Thursday, December 13, 2007

College 529 Savings Account Results

In preparation for our personal year end financial review, I looked at the college 529 savings account for our three year old daughter. We originally opened the account in December, 2005 and have made the maximum state tax deductible contribution for each year. To date, we have split the contributions and invested equal amounts in each fund. Here are the results as of 12/11/07:

YTD 12/11/07Overall Gain
(not annualized)
Vanguard Aggressive Growth Index Portfolio



Vanguard 500 Index



Vanguard Extended Market Index



Vanguard Developed Markets International Stock Index






The table shows that the International Stock Index has done the best this year and over the past two years. Notably, the Vanguard Extended Market Index, which invests in small to mid-cap stocks, has under performed the other funds, indicating that we are likely in the late stages of the bull market when large cap stocks tend to perform better than small cap stocks.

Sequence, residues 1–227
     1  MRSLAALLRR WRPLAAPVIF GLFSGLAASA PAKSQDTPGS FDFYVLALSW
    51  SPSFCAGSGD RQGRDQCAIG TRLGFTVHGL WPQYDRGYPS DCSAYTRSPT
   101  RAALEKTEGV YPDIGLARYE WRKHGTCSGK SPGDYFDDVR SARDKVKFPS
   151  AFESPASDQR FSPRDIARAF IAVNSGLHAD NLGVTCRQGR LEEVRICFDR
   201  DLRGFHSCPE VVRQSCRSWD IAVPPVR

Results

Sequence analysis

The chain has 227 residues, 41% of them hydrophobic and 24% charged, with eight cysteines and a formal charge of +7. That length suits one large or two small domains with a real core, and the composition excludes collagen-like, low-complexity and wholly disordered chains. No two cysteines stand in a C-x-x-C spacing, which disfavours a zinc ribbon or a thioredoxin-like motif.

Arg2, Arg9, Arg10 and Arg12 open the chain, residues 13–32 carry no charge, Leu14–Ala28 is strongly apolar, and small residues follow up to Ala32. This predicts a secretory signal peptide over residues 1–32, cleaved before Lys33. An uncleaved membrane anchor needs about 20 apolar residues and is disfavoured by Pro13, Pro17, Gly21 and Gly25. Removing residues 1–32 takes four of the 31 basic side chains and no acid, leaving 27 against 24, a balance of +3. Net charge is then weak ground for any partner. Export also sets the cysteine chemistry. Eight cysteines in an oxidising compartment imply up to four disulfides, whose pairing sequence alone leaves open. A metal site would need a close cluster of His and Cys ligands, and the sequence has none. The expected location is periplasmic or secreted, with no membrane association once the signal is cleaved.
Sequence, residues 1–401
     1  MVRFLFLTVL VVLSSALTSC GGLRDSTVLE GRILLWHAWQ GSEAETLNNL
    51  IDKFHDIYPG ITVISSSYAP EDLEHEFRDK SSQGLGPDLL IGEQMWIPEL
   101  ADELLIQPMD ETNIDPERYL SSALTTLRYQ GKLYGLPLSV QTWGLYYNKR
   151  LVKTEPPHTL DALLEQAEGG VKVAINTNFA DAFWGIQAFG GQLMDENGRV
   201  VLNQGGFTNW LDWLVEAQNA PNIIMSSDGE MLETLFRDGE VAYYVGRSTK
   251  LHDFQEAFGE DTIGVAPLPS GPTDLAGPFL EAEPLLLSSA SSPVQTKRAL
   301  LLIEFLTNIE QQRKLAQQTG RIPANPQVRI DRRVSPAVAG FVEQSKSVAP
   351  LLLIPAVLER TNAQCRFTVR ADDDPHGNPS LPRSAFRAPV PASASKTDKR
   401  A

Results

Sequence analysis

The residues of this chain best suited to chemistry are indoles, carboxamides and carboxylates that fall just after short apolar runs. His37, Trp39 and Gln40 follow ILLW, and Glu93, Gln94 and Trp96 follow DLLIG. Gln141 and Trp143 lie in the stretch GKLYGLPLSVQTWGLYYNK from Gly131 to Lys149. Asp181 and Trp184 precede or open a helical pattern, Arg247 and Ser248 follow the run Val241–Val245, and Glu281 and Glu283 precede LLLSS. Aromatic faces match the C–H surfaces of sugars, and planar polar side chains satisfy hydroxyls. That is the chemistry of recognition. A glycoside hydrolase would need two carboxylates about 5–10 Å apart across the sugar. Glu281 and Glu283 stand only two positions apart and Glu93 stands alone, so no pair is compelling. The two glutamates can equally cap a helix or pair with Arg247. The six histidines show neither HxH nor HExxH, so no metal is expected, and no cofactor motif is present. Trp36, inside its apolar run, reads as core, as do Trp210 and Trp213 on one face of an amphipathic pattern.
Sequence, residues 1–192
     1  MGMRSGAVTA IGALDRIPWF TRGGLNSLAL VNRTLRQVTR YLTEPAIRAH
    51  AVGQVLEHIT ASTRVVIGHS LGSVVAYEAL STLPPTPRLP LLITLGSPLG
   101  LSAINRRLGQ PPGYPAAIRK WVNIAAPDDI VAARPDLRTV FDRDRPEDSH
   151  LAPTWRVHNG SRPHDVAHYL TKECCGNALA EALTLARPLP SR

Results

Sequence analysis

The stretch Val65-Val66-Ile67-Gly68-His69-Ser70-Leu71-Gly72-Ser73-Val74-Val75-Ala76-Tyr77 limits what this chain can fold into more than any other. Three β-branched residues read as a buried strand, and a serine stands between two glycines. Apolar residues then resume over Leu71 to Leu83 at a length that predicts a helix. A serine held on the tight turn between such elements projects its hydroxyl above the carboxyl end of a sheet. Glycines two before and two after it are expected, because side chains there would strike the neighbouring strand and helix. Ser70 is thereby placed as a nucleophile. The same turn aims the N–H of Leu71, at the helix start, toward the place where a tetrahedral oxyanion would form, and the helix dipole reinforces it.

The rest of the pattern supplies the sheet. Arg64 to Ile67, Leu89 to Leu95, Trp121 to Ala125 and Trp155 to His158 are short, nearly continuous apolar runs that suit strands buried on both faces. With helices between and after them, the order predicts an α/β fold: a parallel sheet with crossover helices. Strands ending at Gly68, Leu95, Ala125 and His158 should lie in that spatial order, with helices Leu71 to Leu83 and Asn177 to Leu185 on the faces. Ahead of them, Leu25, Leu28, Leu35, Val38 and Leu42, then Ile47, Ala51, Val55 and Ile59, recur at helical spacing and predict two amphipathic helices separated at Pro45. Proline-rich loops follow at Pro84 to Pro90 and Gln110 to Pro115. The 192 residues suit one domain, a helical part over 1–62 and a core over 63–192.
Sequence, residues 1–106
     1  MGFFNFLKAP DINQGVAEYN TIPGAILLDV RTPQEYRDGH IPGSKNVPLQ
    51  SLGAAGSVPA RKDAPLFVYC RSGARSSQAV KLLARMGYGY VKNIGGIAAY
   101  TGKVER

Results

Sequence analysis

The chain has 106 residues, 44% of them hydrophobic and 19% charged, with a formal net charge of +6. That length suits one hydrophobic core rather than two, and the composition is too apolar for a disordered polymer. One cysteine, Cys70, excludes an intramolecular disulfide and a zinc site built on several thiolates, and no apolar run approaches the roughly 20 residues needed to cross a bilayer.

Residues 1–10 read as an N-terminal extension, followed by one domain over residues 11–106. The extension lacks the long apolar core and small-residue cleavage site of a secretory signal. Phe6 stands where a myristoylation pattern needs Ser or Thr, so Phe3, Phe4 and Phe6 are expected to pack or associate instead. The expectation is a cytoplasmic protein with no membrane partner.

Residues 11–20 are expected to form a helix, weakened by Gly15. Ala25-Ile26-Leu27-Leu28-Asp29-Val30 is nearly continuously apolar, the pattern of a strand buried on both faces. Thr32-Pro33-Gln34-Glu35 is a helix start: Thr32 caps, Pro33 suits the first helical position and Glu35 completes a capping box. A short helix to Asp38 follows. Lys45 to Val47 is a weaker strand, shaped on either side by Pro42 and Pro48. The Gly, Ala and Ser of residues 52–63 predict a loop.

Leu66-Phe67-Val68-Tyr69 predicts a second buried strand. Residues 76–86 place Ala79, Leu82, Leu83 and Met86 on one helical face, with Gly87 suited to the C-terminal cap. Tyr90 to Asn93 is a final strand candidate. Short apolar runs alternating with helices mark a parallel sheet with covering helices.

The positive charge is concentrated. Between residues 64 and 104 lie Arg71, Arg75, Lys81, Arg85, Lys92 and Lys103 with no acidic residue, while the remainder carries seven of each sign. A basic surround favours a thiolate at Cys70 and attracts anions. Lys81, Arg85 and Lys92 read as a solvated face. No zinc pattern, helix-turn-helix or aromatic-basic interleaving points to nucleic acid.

Based on this analysis, I will make an adjustment to the allocation of next year's contributions. Instead of putting 25% in each fund, we will put 50% in 500 Index fund and 50% in the International Stock Index fund. The reason I didn't choose the Aggressive Growth Index is that it appears to approximate a 85%/15% blend of the 500 Index and International Index funds.

For more on Crossing Generations , check back every Thursday for a new segment.

This is not financial or investment advice. Please consult a professional advisor.

Copyright © 2007 Achievement Catalyst, LLC


Unknown said...

I just did something similar with my 403b account. I noticed the international index fund I was contributing to was just blowing the lids off my other investments, but only represented about 15-20% of my mix. I bumped that up to about 40% and may ramp that down this time next year depending on the status of the US market.

AX said...

I also agree. Changed my allocation in both mine and my wife's 401k and have made several thousand dollars in a few months. Look at the stock mix of the emerging market or international funds offered. Think about how these companies compare with stagnant companies at home such as GE and the choice is pretty simple.